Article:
Monday, February 11, 2019

Frederick Douglass and Interracial Marriage


February marks Black History Month, and one of the most influential individuals in Black history, as well as American history in general, is Frederick Douglass. Douglass, who had no accurate knowledge of his age or birth date, chose to celebrate it on February 14. Also, he estimated the year of his birth to be 1818.

For those unfamiliar with Frederick Douglass, here's a brief summary from Wikipedia:

Frederick Douglass (born Frederick Augustus Washington Bailey, c. February 1818 – February 20, 1895) was an African-American social reformer, orator, writer and statesman. After escaping from slavery, he became a leader of the abolitionist movement, gaining note for his dazzling oratory and incisive antislavery writing. He stood as a living counter-example to slaveholders' arguments that slaves did not have the intellectual capacity to function as independent American citizens.  

Frederick Douglass is indeed a fascinating and heroic figure in American history. To read more click here

Douglass was married to Anna Murray, a black woman, for forty-four years (1838-1882).  After she died from complications due to second a stroke, Douglass married again--this time however, his wife was white! 

According to Wikipedia:

In 1884, Douglass married again, to Helen Pitts, a white feminist from Honeoye, New York. Pitts was the daughter of Gideon Pitts, Jr., an abolitionist colleague and friend of Douglass. A graduate of Mount Holyoke College (then called Mount Holyoke Female Seminary), she worked on a radical feminist publication named Alpha while living in Washington, D.C. The couple faced a storm of controversy with their marriage, since Pitts was both white and nearly 20 years younger than Douglass. 

... Douglass (a "child of the master") responded to the criticisms by saying that his first marriage had been to someone the color of his mother, and his second to someone the color of his father.
Frederick and Helen Douglass, seated, and
Helen's sister Eva, standing

A commentary from Syracuse.com written by Leigh Fought of Le Moyne College says this regarding the marriage:

...On Jan. 24, 1884, 60-year old Frederick Douglass and 46-year-old Helen Pitts defied the expectations of their families and Washington society by joining in interracial matrimony.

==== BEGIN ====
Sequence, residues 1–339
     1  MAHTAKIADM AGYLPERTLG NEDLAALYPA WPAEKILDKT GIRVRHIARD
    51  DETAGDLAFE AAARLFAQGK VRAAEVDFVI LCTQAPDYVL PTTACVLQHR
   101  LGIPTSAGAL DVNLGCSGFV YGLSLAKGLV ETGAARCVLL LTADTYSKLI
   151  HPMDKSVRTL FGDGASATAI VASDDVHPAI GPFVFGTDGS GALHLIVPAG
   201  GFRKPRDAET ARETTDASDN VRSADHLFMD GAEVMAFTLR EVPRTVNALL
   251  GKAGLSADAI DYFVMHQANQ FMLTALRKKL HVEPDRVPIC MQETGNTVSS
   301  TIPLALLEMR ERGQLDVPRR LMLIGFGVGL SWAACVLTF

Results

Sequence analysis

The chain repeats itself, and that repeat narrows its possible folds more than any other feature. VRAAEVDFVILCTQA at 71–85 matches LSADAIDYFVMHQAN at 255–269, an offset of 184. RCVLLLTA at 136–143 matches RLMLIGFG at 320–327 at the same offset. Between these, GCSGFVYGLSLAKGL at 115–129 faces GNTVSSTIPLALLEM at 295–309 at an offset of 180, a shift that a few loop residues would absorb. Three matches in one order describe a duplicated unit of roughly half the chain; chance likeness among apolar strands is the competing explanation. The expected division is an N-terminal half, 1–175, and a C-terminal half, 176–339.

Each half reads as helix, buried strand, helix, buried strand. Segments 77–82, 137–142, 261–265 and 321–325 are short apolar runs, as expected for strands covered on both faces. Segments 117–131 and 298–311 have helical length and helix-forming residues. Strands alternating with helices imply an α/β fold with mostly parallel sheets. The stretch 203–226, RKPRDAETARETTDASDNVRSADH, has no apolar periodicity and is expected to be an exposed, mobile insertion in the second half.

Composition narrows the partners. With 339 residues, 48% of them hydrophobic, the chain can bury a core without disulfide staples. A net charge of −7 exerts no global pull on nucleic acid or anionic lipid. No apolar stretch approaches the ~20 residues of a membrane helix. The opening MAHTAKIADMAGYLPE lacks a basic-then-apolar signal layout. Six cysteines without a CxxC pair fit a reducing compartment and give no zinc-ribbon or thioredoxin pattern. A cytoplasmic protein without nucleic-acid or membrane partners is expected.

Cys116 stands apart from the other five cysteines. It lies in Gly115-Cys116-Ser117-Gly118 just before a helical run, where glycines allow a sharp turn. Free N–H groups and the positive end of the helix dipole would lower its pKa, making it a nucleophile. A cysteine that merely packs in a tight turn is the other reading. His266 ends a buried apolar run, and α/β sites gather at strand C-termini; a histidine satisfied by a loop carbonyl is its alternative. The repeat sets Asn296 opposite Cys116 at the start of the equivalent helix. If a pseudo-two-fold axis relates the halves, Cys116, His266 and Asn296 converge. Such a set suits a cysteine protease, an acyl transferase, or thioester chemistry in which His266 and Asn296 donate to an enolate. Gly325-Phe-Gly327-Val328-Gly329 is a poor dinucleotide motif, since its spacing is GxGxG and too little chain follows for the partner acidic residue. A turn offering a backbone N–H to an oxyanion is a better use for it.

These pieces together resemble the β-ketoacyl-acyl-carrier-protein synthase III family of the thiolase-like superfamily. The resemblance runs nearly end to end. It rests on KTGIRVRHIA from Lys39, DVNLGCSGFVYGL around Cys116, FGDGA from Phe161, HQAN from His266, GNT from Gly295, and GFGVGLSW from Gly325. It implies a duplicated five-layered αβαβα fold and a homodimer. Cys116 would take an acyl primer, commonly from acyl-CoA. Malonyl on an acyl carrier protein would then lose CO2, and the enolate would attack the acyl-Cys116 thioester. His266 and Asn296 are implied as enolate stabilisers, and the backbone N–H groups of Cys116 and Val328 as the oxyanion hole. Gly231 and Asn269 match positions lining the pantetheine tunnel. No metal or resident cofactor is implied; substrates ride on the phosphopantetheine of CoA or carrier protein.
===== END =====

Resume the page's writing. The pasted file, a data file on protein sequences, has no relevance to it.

Neither black nor white communities offered many congratulations.

The Washington Grit called the marriage “a national calamity” and “the mistake of his life.” Others considered his choice to be that of a dotty, old man who had rejected his race. The groom’s children never hid their disdain for his new wife, believing the marriage betrayed their late mother, Anna, who was black. His daughter-in-law even sued him. The bride’s sisters and mothers embraced her new husband, but her father and uncle never accepted that a black man they once admired had joined the family. One of her old classmates at Mt. Holyoke simply exclaimed, “How could she?”

True friends, on the other hand, noted that the marriage was not only one of affection but also one that emerged from their principles. Another old classmate insisted that Helen “was true to her convictions to the last,” while a reporter for the IndianapolisLeader pointed out, “Mr. Douglass has simply put into practice the theories of his life.” Douglass himself demanded, “What business has the world with the color of my wife?”

Seems that Frederick Douglass and his new wife received both praise and prejudice, as well!  Although I must add, more of the latter than the former that time around. 

Were you aware of Frederick Douglass' interracial marriage? Thanks for visiting and have a great week! 

Originally posted 2/3/14

3 comments:

William Kendall said...

I was familiar, yes, though I hadn't heard his response to the criticism.

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Maria McKenzie said...

@William: They seem to have gotten criticism from both sides:(.

@Ana: Nothing like a strong marriage!